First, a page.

BOULDER CREEK -- Starting next month, anyone caught smoking, drinking, camping, blasting music or engaging in any other illegal activities at Boulder Creek parks won't just get a little slap on the wrist. They'll be fined -- heavily fined.
The fees range from $160 for infractions, such as possessing an open container of alcohol, to $484 for misdemeanors, such as consuming alcohol. And no matter how the offense is classified, a third violation within one year will cost nearly $900.
The fees "give law enforcement another tool to keep order in public spaces," said Tess Fitzgerald, who sits on the board of directors for the Boulder Creek Recreation and Park District.
The fees are related to an ordinance the Board adopted two years ago, listing about 20 prohibited activities at Junction, Garrahan and Barbara Day parks, more commonly known as Dam Park. In addition to smoking, drinking and camping, the list includes hunting, fishing or harming animals, bringing dogs and cats, lighting fires and damaging district-owned property.
The crackdown was prompted by several violent incidents leading up to the December 2010 adoption of the ordinance, Fitzgerald said. Last March, for instance, a district staff member was assaulted by two unknown assailants at Junction Park. Soon after, district staff purchased and installed security cameras so they can monitor and report dangerous situations or suspicious behavior to law enforcement officials.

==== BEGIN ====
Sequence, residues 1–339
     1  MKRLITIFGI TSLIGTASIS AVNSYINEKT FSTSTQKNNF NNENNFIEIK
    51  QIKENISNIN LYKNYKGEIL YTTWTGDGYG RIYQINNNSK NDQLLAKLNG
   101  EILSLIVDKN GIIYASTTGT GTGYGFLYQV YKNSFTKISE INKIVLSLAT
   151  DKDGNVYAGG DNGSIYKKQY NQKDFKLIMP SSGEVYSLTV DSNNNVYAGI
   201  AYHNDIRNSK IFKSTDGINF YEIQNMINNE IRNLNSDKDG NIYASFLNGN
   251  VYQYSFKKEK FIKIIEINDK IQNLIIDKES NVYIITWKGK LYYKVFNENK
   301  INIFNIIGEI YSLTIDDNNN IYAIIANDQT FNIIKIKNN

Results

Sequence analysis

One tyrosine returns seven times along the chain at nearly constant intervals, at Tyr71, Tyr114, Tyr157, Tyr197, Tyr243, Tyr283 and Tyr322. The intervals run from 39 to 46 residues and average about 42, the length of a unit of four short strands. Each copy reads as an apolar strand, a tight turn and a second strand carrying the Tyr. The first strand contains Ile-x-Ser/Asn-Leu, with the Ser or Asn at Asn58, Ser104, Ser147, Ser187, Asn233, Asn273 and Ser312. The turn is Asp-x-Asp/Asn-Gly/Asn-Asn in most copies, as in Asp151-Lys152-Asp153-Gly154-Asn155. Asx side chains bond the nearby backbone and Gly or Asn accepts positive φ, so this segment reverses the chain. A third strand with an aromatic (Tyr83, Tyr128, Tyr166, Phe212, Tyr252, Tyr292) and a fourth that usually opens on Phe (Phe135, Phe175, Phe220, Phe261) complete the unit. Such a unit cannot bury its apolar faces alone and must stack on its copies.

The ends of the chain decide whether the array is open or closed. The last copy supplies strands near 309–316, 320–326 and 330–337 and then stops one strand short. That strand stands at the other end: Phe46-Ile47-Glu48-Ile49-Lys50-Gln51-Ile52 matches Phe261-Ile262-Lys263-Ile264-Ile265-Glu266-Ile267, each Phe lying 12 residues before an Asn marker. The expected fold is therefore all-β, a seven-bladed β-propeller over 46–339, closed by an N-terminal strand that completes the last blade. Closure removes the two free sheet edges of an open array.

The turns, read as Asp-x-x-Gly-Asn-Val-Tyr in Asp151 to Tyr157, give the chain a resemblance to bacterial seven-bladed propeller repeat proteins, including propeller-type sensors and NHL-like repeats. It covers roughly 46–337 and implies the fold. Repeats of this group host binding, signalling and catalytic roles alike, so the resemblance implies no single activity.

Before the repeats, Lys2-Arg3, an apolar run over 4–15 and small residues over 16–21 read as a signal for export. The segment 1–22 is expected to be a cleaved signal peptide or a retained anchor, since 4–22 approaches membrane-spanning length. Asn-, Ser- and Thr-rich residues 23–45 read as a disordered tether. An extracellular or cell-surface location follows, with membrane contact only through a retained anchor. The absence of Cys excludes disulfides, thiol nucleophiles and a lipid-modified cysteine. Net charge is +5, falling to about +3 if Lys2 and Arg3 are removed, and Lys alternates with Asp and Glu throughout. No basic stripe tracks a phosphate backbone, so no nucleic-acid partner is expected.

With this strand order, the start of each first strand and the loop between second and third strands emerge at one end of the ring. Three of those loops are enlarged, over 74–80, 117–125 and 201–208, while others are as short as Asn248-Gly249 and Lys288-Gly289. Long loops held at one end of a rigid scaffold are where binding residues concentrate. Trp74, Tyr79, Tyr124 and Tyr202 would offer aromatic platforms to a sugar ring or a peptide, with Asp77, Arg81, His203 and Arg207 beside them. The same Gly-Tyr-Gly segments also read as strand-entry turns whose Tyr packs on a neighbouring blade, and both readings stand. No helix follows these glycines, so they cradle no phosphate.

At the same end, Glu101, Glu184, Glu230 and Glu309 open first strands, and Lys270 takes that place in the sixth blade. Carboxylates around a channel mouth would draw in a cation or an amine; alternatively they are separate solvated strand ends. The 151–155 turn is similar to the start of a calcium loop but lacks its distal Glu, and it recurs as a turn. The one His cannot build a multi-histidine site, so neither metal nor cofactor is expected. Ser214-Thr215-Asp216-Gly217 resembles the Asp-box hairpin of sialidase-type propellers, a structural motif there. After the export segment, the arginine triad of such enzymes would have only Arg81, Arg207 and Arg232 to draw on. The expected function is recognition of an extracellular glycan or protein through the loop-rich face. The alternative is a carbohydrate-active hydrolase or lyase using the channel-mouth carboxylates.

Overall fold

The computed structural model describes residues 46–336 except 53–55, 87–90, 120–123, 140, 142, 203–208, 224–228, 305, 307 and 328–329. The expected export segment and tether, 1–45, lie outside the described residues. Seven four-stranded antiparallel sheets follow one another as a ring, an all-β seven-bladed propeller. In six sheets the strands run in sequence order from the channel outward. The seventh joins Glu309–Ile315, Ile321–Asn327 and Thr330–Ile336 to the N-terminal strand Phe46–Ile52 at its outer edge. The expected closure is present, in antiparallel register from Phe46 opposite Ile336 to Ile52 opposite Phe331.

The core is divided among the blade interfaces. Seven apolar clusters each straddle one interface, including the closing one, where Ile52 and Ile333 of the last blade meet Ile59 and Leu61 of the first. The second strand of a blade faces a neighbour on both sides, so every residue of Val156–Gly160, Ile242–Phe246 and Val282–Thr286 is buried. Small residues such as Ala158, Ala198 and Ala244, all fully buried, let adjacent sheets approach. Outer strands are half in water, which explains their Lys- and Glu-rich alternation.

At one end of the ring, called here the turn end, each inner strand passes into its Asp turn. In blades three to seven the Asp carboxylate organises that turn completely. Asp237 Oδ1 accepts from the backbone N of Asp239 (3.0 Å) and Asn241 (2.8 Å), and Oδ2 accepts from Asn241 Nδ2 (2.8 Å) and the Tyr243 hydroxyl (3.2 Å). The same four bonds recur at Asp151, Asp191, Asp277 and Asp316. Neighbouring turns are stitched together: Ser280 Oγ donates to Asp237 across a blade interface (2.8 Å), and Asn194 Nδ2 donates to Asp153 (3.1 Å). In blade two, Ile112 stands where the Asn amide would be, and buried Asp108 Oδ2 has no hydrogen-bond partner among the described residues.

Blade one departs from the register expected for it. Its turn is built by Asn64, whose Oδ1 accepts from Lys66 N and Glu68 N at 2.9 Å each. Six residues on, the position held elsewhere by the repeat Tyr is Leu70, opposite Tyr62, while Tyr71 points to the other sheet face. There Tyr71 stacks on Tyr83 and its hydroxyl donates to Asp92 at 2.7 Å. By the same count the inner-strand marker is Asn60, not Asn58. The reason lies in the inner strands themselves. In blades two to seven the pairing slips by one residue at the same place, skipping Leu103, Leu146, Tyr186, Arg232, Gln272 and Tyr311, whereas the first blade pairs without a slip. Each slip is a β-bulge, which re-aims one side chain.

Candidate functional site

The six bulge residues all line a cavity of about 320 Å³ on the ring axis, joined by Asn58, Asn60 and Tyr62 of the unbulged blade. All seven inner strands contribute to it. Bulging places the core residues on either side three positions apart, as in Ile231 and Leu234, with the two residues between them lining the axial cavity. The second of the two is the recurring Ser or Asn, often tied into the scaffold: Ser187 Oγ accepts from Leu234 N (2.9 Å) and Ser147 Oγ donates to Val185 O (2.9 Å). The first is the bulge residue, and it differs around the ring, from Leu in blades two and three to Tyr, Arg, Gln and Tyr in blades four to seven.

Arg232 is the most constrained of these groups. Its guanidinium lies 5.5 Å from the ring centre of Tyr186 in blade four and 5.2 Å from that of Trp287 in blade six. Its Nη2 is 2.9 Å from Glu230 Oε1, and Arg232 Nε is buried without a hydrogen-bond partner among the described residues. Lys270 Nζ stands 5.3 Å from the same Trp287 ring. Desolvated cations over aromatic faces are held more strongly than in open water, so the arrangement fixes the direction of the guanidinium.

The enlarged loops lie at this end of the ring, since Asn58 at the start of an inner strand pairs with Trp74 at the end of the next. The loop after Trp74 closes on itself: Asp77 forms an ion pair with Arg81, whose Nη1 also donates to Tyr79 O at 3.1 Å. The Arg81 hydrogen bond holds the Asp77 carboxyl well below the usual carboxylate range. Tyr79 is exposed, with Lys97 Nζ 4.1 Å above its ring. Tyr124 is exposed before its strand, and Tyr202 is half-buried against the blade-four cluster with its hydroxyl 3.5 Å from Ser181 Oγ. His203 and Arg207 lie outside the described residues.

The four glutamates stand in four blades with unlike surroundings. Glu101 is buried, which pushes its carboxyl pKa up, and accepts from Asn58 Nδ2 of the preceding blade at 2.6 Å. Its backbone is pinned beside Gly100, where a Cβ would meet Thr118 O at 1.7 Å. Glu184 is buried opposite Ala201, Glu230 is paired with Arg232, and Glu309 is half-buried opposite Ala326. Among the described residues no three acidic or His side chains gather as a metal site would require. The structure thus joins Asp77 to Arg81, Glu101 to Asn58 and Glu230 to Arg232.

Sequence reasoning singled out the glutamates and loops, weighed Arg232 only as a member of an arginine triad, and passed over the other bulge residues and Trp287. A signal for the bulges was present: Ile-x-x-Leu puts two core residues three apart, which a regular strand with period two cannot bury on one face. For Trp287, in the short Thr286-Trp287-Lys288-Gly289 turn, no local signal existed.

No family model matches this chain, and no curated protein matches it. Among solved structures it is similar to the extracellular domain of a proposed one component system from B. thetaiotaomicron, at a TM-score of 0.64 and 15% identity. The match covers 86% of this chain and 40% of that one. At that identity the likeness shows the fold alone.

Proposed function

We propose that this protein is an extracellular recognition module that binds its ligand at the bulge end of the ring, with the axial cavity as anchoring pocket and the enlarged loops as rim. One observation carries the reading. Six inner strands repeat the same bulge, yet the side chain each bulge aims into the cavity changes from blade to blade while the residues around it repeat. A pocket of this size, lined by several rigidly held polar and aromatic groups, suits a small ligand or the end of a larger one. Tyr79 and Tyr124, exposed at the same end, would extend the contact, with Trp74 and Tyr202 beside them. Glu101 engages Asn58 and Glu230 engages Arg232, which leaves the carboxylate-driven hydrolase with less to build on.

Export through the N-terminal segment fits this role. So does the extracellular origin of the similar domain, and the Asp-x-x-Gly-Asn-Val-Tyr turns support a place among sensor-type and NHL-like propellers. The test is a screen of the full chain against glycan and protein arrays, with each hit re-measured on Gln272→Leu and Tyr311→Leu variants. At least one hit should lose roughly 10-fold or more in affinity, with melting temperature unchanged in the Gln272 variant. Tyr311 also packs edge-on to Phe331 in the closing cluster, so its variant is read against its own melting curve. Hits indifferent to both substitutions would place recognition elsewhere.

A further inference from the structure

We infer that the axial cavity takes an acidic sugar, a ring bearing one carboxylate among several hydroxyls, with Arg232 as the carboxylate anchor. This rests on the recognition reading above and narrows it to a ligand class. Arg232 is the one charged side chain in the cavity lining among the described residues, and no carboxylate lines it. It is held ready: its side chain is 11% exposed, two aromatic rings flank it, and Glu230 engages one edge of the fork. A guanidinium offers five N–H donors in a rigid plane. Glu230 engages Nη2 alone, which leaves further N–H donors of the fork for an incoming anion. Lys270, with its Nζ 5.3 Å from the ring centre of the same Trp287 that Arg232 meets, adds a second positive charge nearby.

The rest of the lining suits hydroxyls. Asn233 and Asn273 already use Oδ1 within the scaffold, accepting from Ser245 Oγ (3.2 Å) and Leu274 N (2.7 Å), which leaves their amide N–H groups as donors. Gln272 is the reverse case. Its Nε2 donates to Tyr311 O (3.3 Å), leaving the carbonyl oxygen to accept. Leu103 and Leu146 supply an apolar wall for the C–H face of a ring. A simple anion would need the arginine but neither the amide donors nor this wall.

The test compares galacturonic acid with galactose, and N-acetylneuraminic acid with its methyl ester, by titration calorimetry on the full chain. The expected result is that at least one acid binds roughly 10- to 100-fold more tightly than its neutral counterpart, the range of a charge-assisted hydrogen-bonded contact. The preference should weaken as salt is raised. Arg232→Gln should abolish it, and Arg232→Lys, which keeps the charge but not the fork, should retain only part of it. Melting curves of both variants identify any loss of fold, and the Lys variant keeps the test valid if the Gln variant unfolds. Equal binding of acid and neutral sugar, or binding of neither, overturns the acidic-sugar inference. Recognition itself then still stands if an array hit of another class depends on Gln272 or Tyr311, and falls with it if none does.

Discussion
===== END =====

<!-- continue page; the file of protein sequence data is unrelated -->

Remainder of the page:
Before the ordinance was adopted, "law enforcement would have to take some other code (violation) and try to apply it to our district," Fitzgerald said.
Signs were later posted at the parks that listed which activities are illegal, but not the associated fees. That's because they first had to be listed on the Santa Cruz County Superior Court's bail, or fee, schedule, and it took two years for that to happen.
"Until you get that into the local bail schedule, law enforcement doesn't have anything to cite with," Fitzgerald said, adding the park signs will be revised to reflect the fees.
For each violation, the district receives just $20. But with various state and county fees and assessments tacked on, that's multiplied by a factor of eight -- so someone caught smoking, for example, will really wish he or she hadn't.
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